Runner Profile: BIDMC Trauma and Orthopedic Surgeons
Drs. Steve Odom, Alok Gupta, and Tamara Rozental
Running for the patients they cared for on April 15
When BIDMC surgeons Steve Odom, MD, Alok Gupta, MD, and Tamara Rozental, MD, get off the bus in Hopkinton next Monday, they’ll be in very good company. This year TeamBIDMC: Tread Strong has more Boston Marathon runners than ever before, 70 in total.
For these runners, and for so very many others, this Marathon represents a healing step, a way to pay respect to lives lost, to celebrate all who responded, and to defiantly take back a beloved and storied race.
“I’m a trauma surgeon in Boston and this is my sport, I run marathons, so it all feels very personal,” says Odom. “I’m running Boston to honor the victims of last year’s attacks, to honor the medical response to this tragedy and to represent a return to normalcy.”
Odom, Gupta and Rozental were among the hundreds of BIDMC employees who responded on April 15, 2013. That night, 14 of the 24 patients transported to BIDMC were operated on, and these patients had dozens more surgeries in the days, weeks and months that followed.
“I’m lucky to work as a trauma surgeon among some of the smartest, most talented, and most compassionate people I know,” says Gupta “The tide raised all the boats and allowed us to provide phenomenal care to each and every victim who arrived at our doors.”
Part of that care involved a new multidisciplinary mass casualty service devised by Gupta shortly after the patients were out of those first surgeries on Marathon Monday. The service took into account the extraordinary circumstances and needs that emerged from the day’s events.
“I knew the needs of these patients were separate and distinct from the patients on the trauma service who may have crashed their cars or been wounded by gunfire,” he says. “We assigned a separate team of providers to see all the victims again late that afternoon to decide the immediate next steps in their care.”
Gupta coordinated with medical center staff to group the Marathon bombing patients near one another to form a natural support system. And he arranged for multidisciplinary teams made up of trauma, orthopedic, plastic and vascular surgeons, as well as critically important support services like physical therapy, social work and pastoral care, to round on the patients twice daily.
With the entire team carefully moving from patient to patient, the caregivers provided a consistent presence, making sure each person felt safe and ensuring they got the care they needed with the fewest number of disruptions at a critical time in healing.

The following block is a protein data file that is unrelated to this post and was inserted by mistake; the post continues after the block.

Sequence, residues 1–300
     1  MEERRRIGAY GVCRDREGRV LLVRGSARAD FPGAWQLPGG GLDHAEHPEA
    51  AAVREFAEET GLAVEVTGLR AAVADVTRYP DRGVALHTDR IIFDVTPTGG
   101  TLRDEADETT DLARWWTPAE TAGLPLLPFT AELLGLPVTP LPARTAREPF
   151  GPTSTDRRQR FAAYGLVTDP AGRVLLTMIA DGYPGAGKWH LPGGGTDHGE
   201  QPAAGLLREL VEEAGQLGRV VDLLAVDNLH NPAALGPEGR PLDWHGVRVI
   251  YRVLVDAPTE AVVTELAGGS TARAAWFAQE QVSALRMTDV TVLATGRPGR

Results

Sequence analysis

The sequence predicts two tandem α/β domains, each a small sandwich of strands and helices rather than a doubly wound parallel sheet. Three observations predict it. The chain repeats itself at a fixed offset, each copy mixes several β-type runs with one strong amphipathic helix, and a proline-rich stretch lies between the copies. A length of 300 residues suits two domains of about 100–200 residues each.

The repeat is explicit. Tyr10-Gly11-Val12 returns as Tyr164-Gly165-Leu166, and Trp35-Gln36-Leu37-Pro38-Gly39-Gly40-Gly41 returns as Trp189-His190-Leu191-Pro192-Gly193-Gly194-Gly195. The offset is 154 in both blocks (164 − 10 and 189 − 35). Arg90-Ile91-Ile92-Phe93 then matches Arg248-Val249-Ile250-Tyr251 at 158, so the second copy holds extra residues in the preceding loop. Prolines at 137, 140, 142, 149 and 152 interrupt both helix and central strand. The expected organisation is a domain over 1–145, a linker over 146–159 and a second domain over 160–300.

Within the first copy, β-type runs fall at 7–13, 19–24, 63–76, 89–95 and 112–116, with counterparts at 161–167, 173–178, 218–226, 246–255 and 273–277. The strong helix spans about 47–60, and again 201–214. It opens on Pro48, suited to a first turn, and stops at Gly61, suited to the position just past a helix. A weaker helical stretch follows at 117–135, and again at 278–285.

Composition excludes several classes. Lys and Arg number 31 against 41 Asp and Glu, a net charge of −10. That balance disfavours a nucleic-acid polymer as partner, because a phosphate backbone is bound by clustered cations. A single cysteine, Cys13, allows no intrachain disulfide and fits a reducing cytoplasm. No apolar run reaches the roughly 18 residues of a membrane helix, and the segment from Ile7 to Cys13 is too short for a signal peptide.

“These survivors taught me many lessons in perspective, optimism, strength, and forgiveness,” says Gupta. “They have left a permanent mark on me. I have become a better physician, husband, father, brother, and friend.”
For Rozental, who lives along the Marathon course near Heartbreak Hill, running had always been a time to let go and to think.
“After April 15, I found myself going on longer and longer runs in order to process everything that had happened,” she says.
Somewhere along the way, Rozental decided that running this year’s Boston Marathon was something she had to do.
“It is a form of solidarity with my patients. After what they’ve been through, getting up at 4 a.m. and running for three hours is really no big deal,” she says. “So, I’m running for them, for my colleagues who worked selflessly and for my two young daughters who will learn from these stories that strength and determination go a long way.”
TeamBIDMC|Tread Strong: the 2014 Boston Marathon Team
Funds donated on behalf of Steve Odom, MD, Alok Gupta, MD, and Tamara Rozental, MD, will benefit BIDMC’s Emergency Relief Fund, which supports both the immediate and longer-term mental and physical needs of patients, families, and caretakers impacted by devastating, life-altering events. These services include, but are not limited to, emergency medicine, orthopedics, physical therapy, social work, disaster relief, and disaster preparedness training.
To donate to Drs. Odom, Gupta, Rozental, or any BIDMC runner, visit bidmctreadstrong.org.
How Are You Doing?
Our colleagues in the Social Work Center for Violence Prevention and Recovery have worked with patients, family members and staff who have experienced trauma. They have created some resources that you may find helpful as we think about the Boston Marathon bombing anniversary.
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